WAYSIDE SCHOOL GETS A LITTLE STRANGER

From the Wayside School series , Vol. 3

Wayside School (Wayside School Is Falling Down, 1989, etc.) reopens after having been closed for repairs; the children have been going to horrible schools, and can't wait to come back. But when their beloved Mrs. Jewls goes on maternity leave, their first substitute is the son of the evil Mrs. Gorf, bent on revenge. With the help of Miss Mush, they get rid of him, but the next teacher is even worse. Mrs. Drazil so terrifies Louis, the yard teacher (who was her student 15 years ago), that he becomes a strict Professional Playground Supervisor. The students plot magnificently to rid themselves of this latest scourge. Schick's animated b&w drawings provide their own punch at the chapter openings. Sachar proves once again that he is a master of all things childish. As with its predecessors, this book is filled with the hilarity children love; as in Roald Dahl's tales, the humor is often anarchic, and sometimes in questionable taste, which will make the story a hit with early and middle grade readers. Easy vocabulary, short chapters, and wicked pace make the book perfect for reluctant readers, but Sachar's well-written, sophisticated comedy will appeal to everyone. (Fiction. 8+)

Pub Date: April 1, 1995

ISBN: 0-688-13694-X

Page Count: 168

Publisher: Morrow/HarperCollins

Review Posted Online: May 20, 2010

Kirkus Reviews Issue: April 15, 1995

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With comically realistic black-and-white illustrations by Selznick (The Robot King, 1995, etc.), this is a captivating...

FRINDLE

Nicholas is a bright boy who likes to make trouble at school, creatively. 

When he decides to torment his fifth-grade English teacher, Mrs. Granger (who is just as smart as he is), by getting everyone in the class to replace the word "pen'' with "frindle,'' he unleashes a series of events that rapidly spins out of control. If there's any justice in the world, Clements (Temple Cat, 1995, etc.) may have something of a classic on his hands. By turns amusing and adroit, this first novel is also utterly satisfying. The chess-like sparring between the gifted Nicholas and his crafty teacher is enthralling, while Mrs. Granger is that rarest of the breed: a teacher the children fear and complain about for the school year, and love and respect forever after.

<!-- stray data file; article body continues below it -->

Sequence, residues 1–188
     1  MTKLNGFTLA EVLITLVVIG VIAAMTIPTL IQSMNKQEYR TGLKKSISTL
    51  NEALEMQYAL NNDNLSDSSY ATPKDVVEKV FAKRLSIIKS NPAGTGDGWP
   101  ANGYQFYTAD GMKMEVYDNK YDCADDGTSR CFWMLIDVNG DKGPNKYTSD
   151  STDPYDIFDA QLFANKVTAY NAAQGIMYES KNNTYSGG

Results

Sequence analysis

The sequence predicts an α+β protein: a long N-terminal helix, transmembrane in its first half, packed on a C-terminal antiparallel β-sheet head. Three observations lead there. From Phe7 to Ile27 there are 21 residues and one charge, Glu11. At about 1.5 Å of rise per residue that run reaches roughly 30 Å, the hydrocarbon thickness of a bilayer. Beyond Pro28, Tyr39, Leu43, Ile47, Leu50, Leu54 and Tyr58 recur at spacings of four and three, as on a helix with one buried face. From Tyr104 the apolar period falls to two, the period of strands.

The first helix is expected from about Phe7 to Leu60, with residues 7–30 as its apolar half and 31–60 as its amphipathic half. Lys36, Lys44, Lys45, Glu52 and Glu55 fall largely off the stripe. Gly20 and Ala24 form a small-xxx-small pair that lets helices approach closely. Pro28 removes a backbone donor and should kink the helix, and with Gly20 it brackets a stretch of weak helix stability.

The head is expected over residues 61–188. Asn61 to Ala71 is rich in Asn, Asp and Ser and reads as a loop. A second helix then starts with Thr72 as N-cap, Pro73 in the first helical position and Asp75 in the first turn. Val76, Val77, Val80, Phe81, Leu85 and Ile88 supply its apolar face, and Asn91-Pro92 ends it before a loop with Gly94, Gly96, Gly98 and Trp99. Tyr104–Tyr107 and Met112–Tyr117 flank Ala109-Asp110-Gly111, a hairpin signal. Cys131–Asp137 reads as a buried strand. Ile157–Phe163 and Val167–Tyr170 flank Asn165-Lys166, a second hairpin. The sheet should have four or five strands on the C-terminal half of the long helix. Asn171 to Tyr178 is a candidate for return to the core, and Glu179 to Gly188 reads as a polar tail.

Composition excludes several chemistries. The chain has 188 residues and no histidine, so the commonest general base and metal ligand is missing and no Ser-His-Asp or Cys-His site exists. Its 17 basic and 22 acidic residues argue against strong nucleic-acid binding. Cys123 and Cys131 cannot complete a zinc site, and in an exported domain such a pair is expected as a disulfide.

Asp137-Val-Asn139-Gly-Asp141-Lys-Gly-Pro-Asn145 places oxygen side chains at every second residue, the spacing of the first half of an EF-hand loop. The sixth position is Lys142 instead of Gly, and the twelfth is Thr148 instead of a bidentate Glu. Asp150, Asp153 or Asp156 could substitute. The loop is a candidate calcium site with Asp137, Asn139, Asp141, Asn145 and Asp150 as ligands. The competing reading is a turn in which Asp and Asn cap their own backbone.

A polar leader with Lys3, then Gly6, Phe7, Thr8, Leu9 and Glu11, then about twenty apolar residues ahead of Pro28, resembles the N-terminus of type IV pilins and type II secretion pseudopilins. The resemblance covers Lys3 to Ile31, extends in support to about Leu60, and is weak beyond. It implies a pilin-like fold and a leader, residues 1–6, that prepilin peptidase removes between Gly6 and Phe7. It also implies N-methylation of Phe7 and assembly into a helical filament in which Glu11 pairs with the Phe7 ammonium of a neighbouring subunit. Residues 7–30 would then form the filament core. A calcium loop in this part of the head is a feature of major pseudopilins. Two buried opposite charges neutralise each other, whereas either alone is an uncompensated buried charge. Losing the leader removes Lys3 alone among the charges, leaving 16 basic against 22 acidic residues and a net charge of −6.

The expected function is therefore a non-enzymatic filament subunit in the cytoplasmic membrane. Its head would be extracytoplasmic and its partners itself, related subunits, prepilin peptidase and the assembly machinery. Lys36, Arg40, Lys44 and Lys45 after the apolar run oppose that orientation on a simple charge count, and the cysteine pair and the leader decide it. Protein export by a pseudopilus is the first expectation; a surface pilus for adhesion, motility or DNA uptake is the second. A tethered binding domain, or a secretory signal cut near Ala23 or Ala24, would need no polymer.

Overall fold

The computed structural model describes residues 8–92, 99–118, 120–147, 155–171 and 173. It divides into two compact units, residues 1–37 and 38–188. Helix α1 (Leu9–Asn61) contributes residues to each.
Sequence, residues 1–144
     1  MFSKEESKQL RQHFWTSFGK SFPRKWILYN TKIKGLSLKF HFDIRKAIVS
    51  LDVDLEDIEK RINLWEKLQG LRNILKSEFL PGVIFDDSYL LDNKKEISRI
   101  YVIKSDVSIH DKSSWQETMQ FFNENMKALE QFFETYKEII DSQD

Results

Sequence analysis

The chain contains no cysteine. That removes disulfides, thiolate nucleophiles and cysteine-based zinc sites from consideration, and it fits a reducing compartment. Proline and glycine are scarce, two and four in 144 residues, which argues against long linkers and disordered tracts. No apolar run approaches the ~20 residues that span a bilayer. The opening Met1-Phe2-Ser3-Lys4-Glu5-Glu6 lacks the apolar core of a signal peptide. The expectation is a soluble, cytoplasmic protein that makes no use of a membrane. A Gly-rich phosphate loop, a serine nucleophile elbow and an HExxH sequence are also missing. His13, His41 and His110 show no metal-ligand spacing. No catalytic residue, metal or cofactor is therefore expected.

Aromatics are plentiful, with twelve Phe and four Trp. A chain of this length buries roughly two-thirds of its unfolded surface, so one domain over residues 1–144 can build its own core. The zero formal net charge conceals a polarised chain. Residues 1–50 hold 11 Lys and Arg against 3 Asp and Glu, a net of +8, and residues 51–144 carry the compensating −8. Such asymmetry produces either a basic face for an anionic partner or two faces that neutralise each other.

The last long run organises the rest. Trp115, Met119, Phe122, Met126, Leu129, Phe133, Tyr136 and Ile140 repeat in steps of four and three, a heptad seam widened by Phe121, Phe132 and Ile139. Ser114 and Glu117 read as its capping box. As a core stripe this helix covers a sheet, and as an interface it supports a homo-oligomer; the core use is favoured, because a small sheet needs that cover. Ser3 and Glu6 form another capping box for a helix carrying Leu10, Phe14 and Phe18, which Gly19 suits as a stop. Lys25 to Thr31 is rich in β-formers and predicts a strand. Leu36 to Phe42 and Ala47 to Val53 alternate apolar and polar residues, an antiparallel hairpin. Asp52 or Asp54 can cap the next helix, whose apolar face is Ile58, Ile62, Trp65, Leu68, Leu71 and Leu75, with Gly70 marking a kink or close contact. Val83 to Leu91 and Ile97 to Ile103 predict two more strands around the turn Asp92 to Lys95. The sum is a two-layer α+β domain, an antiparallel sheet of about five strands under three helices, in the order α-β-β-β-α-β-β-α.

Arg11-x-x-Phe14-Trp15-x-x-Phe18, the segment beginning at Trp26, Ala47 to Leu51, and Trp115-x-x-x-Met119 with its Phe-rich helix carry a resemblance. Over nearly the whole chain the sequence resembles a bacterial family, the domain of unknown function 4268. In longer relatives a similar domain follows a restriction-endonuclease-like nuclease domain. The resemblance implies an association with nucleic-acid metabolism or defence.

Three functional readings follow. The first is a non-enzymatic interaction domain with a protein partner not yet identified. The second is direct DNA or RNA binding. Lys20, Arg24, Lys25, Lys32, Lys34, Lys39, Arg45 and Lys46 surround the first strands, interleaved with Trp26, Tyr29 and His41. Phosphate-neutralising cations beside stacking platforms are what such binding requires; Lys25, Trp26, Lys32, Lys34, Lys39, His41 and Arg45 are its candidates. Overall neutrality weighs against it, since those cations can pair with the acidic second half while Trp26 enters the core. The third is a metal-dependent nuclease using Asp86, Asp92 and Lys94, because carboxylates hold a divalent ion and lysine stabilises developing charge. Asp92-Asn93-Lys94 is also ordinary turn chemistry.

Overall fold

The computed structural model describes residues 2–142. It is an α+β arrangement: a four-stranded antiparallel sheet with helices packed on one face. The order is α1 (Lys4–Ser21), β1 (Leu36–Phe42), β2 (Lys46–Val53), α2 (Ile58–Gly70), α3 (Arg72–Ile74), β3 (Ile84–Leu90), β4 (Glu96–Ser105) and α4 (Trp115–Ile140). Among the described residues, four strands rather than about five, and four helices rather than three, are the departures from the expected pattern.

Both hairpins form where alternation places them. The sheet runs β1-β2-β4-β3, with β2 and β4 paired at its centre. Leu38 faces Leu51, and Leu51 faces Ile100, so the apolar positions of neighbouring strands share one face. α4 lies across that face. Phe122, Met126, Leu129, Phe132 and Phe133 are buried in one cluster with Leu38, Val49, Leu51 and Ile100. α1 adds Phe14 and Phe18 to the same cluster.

With comically realistic black-and-white illustrations by Selznick (The Robot King, 1995, etc.), this is a captivating tale—one to press upon children, and one they'll be passing among themselves. (Fiction. 8-12)

Pub Date: Sept. 1, 1996

ISBN: 0-689-80669-8

Page Count: 105

Publisher: Simon & Schuster

Review Posted Online: May 20, 2010

Kirkus Reviews Issue: July 1, 1996

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DONAVAN'S WORD JAR

Donavan's friends collect buttons and marbles, but he collects words. ``NUTRITION,'' ``BALLYHOO,'' ``ABRACADABRA''—these and other words are safely stored on slips of paper in a jar. As it fills, Donavan sees a storage problem developing and, after soliciting advice from his teacher and family, solves it himself: Visiting his grandma at a senior citizens' apartment house, he settles a tenants' argument by pulling the word ``COMPROMISE'' from his jar and, feeling ``as if the sun had come out inside him,'' discovers the satisfaction of giving his words away. Appealingly detailed b&w illustrations depict Donavan and his grandma as African-Americans. This Baltimore librarian's first book is sure to whet readers' appetites for words, and may even start them on their own savory collections. (Fiction. 8-11)

Pub Date: June 30, 1994

ISBN: 0-06-020190-8

Page Count: 72

Publisher: HarperCollins

Review Posted Online: May 20, 2010

Kirkus Reviews Issue: June 15, 1994

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